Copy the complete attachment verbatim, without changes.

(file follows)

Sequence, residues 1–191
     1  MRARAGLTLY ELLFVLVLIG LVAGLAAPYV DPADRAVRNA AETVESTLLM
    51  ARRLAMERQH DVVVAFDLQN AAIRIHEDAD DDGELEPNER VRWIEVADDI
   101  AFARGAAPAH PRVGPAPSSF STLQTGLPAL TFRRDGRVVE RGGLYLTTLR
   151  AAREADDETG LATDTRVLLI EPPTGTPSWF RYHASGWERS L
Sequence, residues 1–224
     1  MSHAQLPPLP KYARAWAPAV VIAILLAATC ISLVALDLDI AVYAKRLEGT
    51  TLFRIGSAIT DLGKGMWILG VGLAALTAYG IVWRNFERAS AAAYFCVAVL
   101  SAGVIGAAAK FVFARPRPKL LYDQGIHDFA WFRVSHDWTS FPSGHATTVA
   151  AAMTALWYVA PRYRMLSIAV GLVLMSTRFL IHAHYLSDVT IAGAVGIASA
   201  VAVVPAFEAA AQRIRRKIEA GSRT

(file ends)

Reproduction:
Sequence, residues 1–191
     1  MRARAGLTLY ELLFVLVLIG LVAGLAAPYV DPADRAVRNA AETVESTLLM
    51  ARRLAMERQH DVVVAFDLQN AAIRIHEDAD DDGELEPNER VRWIEVADDI
   101  AFARGAAPAH PRVGPAPSSF STLQTGLPAL TFRRDGRVVE RGGLYLTTLR
   151  AAREADDETG LATDTRVLLI EPPTGTPSWF RYHASGWERS L
Sequence, residues 1–224
     1  MSHAQLPPLP KYARAWAPAV VIAILLAATC ISLVALDLDI AVYAKRLEGT
    51  TLFRIGSAIT DLGKGMWILG VGLAALTAYG IVWRNFERAS AAAYFCVAVL
   101  SAGVIGAAAK FVFARPRPKL LYDQGIHDFA WFRVSHDWTS FPSGHATTVA
   151  AAMTALWYVA PRYRMLSIAV GLVLMSTRFL IHAHYLSDVT IAGAVGIASA
   201  VAVVPAFEAA AQRIRRKIEA GSRT